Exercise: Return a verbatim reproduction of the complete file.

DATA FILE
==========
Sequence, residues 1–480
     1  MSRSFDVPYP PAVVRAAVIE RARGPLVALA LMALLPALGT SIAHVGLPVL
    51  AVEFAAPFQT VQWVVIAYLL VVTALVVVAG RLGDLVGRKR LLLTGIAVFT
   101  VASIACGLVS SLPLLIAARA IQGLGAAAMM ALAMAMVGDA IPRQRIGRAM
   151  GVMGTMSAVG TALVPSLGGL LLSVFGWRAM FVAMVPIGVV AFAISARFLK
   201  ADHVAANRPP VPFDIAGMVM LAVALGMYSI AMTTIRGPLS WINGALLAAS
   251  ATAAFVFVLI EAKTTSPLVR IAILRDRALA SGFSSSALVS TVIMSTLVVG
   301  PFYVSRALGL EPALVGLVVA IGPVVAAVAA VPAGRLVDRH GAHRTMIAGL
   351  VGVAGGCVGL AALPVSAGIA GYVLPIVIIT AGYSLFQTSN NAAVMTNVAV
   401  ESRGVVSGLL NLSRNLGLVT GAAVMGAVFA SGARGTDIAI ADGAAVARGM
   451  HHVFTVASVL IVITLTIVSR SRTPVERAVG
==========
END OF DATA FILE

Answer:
Sequence, residues 1–480
     1  MSRSFDVPYP PAVVRAAVIE RARGPLVALA LMALLPALGT SIAHVGLPVL
    51  AVEFAAPFQT VQWVVIAYLL VVTALVVVAG RLGDLVGRKR LLLTGIAVFT
   101  VASIACGLVS SLPLLIAARA IQGLGAAAMM ALAMAMVGDA IPRQRIGRAM
   151  GVMGTMSAVG TALVPSLGGL LLSVFGWRAM FVAMVPIGVV AFAISARFLK
   201  ADHVAANRPP VPFDIAGMVM LAVALGMYSI AMTTIRGPLS WINGALLAAS
   251  ATAAFVFVLI EAKTTSPLVR IAILRDRALA SGFSSSALVS TVIMSTLVVG
   301  PFYVSRALGL EPALVGLVVA IGPVVAAVAA VPAGRLVDRH GAHRTMIAGL
   351  VGVAGGCVGL AALPVSAGIA GYVLPIVIIT AGYSLFQTSN NAAVMTNVAV
   401  ESRGVVSGLL NLSRNLGLVT GAAVMGAVFA SGARGTDIAI ADGAAVARGM
   451  HHVFTVASVL IVITLTIVSR SRTPVERAVG